Lacy Literacy

Book Reviews, Discussions, Listicles, More

❈ Huge thanks to Gallery Books for providing me with an ARC❈


Royally Roma (The Royals #1)
Author: Teri Wilson
Release Date: March 27th 2017
Genre: Contemporary Romance
Pages: 304
POV: third person


In this modern retelling of the classic Audrey Hepburn film Roman Holiday, a royal prince tries to escape his hectic and rigid life and ends up leading a young graduate student on a chase through the Eternal City.

Julia Costa is too busy trying to complete her PhD while also holding down a full-time job as a private tour guide in Rome to keep up with celebrity gossip. So when she crosses paths with a real, actual prince, she mistakes him for a client and takes him on a daylong tour of the city.

Intrigued by the idea of spending time with someone who obviously has no idea who he is, and delighted at the prospect of a day free of royal obligations, Niccolo La Torre, Crown Prince of Lazaretto, acts on impulse and assumes the role of Julia’s client. He swears to himself that he’ll return to his royal duties after only half a day…but he’s having the time of his life.

Until Julia presents him with the bill. Since he snuck out of the hotel without so much as a dime, he tries to escape, only to discover that she won’t let him out of her sight until he can pay her back. She’s determined to get her money…and perhaps more from the handsome stranger she’s fallen for.

I have a weakness for modern royalty and retellings, so as soon as I saw Royally Roma I knew I had to read it. Going into it, I had moderate expectations. There was a lot of potential with the Roman Holiday retelling aspect of Royally Roma. Unfortunately, that potential was wasted on a romance that developed too fast.

Niccolo aka Nico and Julia’s relationship fell flat. Their relationship was built upon many common modern royalty tropes, and there was nothing to help prop them up. Nico and Julia’s romance took course over less than 4 days. In a modern royalty setting, slow burn is much more compelling because it allows for characters to have to deal with the class gap that is so common in these stories. All of the issues that would plague Nico and Julia as a couple were not dealt with in story, despite them being mentioned as issues. I might’ve been okay with the  ‘we will deal with the problems as we go in the future’ ending if Nico and Julia’s relationship was built on more than shoddy, instant sexual attraction and unrealistic confessions.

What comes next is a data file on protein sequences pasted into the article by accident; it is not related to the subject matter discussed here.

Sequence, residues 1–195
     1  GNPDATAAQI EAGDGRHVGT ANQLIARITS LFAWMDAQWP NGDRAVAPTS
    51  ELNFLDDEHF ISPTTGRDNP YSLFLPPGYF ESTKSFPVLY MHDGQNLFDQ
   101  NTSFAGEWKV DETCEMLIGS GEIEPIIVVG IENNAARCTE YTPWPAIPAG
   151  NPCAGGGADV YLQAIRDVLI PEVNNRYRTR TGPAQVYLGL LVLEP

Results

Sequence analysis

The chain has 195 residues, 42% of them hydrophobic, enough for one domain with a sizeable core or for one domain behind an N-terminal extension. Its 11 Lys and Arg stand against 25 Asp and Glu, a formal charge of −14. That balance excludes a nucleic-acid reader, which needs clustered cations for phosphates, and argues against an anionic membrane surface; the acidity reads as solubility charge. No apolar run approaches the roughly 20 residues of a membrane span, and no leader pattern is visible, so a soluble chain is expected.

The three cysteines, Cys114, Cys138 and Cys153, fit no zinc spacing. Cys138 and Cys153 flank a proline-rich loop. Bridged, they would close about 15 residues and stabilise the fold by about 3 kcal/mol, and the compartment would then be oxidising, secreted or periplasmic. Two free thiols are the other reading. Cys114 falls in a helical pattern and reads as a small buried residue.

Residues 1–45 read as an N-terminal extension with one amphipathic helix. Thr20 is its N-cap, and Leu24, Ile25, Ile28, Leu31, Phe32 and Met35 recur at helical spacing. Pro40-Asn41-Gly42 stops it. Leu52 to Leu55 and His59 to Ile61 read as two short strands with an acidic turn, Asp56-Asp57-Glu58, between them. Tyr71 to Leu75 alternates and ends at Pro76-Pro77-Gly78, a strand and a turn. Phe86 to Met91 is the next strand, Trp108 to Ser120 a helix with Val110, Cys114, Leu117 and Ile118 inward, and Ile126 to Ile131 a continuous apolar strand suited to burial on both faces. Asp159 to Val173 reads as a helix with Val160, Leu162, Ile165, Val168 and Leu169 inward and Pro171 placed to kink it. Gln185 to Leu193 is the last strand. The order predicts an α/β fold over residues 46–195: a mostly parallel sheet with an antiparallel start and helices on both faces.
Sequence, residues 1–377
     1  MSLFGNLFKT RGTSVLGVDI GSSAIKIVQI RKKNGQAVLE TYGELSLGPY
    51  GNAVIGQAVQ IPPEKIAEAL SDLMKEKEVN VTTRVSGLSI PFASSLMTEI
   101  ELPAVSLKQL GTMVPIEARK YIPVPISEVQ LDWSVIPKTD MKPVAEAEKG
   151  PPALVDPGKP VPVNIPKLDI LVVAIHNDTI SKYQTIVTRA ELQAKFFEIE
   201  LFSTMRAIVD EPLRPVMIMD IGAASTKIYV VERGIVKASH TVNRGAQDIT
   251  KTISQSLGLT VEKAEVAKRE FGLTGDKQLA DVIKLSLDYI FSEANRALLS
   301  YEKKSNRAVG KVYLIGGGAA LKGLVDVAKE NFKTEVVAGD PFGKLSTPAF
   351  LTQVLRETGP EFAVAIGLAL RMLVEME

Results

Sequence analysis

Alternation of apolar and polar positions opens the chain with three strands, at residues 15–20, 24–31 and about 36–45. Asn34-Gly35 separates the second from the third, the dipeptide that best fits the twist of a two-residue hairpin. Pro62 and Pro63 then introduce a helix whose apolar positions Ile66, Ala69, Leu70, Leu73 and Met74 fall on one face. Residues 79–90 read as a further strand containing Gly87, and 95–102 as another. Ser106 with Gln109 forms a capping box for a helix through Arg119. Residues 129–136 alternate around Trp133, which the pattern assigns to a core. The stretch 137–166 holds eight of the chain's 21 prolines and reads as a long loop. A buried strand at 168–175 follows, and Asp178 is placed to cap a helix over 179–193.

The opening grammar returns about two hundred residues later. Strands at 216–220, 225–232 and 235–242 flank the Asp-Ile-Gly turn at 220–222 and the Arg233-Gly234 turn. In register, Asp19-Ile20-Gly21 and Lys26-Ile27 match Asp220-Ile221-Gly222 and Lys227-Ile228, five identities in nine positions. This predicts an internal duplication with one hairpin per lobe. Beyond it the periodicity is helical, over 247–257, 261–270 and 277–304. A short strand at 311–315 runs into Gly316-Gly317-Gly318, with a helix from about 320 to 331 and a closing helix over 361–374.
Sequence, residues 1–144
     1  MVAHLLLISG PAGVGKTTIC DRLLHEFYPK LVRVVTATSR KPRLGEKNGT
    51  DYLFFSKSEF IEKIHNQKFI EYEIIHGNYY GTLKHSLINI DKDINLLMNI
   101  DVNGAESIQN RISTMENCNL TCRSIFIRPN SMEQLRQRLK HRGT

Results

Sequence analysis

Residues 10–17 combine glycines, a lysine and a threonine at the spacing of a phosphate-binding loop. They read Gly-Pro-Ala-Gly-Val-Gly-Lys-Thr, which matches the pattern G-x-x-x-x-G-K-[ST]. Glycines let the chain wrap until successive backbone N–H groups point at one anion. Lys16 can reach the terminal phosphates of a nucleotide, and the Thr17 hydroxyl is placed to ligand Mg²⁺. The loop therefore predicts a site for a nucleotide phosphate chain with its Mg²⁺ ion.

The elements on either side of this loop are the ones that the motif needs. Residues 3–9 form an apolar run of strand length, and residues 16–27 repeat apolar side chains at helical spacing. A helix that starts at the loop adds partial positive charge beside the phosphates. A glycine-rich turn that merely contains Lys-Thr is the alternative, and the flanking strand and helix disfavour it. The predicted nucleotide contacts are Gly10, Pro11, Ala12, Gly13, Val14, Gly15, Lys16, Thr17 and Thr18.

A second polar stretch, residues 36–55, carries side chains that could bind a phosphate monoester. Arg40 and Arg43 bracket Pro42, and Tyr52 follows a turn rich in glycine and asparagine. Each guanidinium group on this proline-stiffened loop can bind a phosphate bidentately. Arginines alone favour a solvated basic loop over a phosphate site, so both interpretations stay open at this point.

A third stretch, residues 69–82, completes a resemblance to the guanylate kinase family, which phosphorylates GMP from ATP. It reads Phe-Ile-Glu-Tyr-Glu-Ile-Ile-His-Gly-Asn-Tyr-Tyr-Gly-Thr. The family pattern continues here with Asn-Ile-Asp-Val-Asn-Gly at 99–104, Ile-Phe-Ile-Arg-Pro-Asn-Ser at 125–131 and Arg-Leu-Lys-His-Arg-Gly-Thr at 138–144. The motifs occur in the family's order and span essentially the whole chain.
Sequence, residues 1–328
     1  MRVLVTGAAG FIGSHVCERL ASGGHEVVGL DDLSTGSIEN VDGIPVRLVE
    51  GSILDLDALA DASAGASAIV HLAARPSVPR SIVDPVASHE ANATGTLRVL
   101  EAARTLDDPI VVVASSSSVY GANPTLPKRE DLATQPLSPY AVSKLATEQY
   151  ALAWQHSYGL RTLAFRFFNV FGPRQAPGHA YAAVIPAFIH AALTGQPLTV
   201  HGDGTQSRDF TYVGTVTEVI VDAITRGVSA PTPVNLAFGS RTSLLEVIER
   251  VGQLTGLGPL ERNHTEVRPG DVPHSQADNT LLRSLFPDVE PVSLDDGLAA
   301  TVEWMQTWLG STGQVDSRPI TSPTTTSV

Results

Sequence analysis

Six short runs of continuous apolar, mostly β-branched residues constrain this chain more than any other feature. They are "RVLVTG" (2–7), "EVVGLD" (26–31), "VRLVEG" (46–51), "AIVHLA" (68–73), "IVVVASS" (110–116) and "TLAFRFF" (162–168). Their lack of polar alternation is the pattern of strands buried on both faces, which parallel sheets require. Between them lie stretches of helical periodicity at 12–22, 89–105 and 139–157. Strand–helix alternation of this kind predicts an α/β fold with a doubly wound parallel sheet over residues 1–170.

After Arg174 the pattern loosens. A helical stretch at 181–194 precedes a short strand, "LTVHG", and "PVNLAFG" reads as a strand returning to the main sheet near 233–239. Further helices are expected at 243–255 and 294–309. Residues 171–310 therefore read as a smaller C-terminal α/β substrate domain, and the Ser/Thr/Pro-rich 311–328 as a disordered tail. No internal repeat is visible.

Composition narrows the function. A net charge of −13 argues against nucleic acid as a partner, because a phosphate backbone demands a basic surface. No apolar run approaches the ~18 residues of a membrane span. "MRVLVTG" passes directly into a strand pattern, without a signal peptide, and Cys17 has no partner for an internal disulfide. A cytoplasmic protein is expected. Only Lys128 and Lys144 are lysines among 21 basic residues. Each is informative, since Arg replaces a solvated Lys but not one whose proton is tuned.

I had problems with the world building in Royally Roma. I know, what a picky thing to not like in a modern royalty romance, but I have my taste. For example, Prince William exists in universe. Because Royally Roma plays on the responsible royal heir to responsible spare trope and the dead mother trope, I feel like the story would’ve been served much better if William didn’t exist. I mean, how many responsible royal heirs with dead mothers can we have existing in one world. Also, because Julia Costa fell into the ‘she doesn’t care/notice I’m royalty because she’s American’ card it became reminiscent of The Royal We. Royally Roma and The Royal We are quite different, but The Royal We was such a better read for me that the similarity impacted my opinion of Royally Roma. However, I did like that Nico’s father abdicated the throne. It added in a unique element, which I wish was elaborated more in story.

Overall, Royally Roma wasn’t terrible. It was a nice read during breaks from my hectic schedule, but it didn’t leave me feeling anything other than indifference.

My Rating:

If you want a quick modern royalty fix, then I would recommend Royally Roma. However, if you want something more substantial, but still on the modern royalty front, I would recommend the-one-Kate-Middleton-fanfic-to-rule them-all aka The Royal We.

Goodreads LinkMy Review on Goodreads

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